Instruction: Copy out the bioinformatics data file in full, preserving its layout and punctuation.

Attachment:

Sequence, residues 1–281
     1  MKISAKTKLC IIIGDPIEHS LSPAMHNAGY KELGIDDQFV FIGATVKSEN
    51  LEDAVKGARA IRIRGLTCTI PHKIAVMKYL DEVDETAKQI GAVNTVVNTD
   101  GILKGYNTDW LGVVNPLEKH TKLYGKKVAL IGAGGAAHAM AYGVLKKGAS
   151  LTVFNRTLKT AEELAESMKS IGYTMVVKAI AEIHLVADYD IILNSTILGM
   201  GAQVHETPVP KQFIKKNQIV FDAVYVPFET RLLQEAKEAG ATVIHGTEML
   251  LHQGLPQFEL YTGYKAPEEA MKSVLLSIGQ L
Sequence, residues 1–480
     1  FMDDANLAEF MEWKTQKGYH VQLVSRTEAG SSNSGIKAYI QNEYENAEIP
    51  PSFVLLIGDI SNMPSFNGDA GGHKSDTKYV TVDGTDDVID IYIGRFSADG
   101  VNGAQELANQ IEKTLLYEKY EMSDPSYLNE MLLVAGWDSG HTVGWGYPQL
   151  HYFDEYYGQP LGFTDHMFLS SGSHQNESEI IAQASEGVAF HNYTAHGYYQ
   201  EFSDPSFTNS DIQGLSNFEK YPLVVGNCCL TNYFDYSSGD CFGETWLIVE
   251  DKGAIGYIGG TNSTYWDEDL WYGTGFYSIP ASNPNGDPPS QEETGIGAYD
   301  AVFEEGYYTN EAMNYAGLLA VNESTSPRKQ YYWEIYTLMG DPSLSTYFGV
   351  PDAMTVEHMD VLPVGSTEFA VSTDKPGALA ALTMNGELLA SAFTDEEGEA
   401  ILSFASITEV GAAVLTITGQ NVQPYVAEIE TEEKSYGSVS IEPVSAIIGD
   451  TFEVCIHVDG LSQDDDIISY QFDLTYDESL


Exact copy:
Sequence, residues 1–281
     1  MKISAKTKLC IIIGDPIEHS LSPAMHNAGY KELGIDDQFV FIGATVKSEN
    51  LEDAVKGARA IRIRGLTCTI PHKIAVMKYL DEVDETAKQI GAVNTVVNTD
   101  GILKGYNTDW LGVVNPLEKH TKLYGKKVAL IGAGGAAHAM AYGVLKKGAS
   151  LTVFNRTLKT AEELAESMKS IGYTMVVKAI AEIHLVADYD IILNSTILGM
   201  GAQVHETPVP KQFIKKNQIV FDAVYVPFET RLLQEAKEAG ATVIHGTEML
   251  LHQGLPQFEL YTGYKAPEEA MKSVLLSIGQ L
Sequence, residues 1–480
     1  FMDDANLAEF MEWKTQKGYH VQLVSRTEAG SSNSGIKAYI QNEYENAEIP
    51  PSFVLLIGDI SNMPSFNGDA GGHKSDTKYV TVDGTDDVID IYIGRFSADG
   101  VNGAQELANQ IEKTLLYEKY EMSDPSYLNE MLLVAGWDSG HTVGWGYPQL
   151  HYFDEYYGQP LGFTDHMFLS SGSHQNESEI IAQASEGVAF HNYTAHGYYQ
   201  EFSDPSFTNS DIQGLSNFEK YPLVVGNCCL TNYFDYSSGD CFGETWLIVE
   251  DKGAIGYIGG TNSTYWDEDL WYGTGFYSIP ASNPNGDPPS QEETGIGAYD
   301  AVFEEGYYTN EAMNYAGLLA VNESTSPRKQ YYWEIYTLMG DPSLSTYFGV
   351  PDAMTVEHMD VLPVGSTEFA VSTDKPGALA ALTMNGELLA SAFTDEEGEA
   401  ILSFASITEV GAAVLTITGQ NVQPYVAEIE TEEKSYGSVS IEPVSAIIGD
   451  TFEVCIHVDG LSQDDDIISY QFDLTYDESL